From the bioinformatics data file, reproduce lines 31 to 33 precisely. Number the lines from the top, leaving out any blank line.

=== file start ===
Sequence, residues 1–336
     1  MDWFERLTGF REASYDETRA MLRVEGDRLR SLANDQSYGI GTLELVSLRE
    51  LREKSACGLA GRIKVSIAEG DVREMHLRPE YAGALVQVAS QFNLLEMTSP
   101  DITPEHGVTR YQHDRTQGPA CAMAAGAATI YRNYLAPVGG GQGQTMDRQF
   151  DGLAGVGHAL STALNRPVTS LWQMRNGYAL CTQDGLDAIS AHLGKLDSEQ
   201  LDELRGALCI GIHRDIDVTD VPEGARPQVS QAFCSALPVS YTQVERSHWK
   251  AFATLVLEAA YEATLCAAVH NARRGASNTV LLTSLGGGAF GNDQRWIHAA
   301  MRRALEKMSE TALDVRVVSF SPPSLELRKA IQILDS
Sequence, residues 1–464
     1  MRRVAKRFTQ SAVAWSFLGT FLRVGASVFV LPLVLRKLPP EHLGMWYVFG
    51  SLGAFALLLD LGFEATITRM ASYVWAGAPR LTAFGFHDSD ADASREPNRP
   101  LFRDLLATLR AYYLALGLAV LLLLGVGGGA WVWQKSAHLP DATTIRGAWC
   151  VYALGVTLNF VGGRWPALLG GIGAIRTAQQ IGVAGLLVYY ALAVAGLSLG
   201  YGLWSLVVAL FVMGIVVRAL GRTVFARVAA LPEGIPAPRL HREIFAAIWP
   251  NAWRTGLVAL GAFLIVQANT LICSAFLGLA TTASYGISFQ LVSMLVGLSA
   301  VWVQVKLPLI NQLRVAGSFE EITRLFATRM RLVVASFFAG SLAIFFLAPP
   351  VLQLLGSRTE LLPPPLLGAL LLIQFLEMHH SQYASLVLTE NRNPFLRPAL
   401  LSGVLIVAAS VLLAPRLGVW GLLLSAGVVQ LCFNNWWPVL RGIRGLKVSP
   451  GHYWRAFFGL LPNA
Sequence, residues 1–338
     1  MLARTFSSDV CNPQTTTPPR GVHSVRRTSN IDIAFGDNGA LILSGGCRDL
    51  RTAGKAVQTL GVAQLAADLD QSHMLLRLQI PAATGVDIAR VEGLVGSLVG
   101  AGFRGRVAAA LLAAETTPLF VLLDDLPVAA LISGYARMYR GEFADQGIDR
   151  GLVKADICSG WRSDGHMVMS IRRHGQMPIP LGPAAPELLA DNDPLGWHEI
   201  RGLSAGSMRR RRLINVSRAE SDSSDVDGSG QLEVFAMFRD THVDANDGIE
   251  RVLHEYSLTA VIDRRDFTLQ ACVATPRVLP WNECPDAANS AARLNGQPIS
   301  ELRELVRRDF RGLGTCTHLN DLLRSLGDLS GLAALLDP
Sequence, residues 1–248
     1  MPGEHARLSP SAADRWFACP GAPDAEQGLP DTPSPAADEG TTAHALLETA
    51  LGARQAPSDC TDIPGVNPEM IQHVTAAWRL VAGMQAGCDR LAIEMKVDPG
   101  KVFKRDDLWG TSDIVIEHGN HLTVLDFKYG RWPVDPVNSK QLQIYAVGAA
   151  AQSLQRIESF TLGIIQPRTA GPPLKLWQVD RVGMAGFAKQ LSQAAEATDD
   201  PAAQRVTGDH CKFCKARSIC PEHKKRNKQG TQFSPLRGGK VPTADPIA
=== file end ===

   101  KVFKRDDLWG TSDIVIEHGN HLTVLDFKYG RWPVDPVNSK QLQIYAVGAA
   151  AQSLQRIESF TLGIIQPRTA GPPLKLWQVD RVGMAGFAKQ LSQAAEATDD
   201  PAAQRVTGDH CKFCKARSIC PEHKKRNKQG TQFSPLRGGK VPTADPIA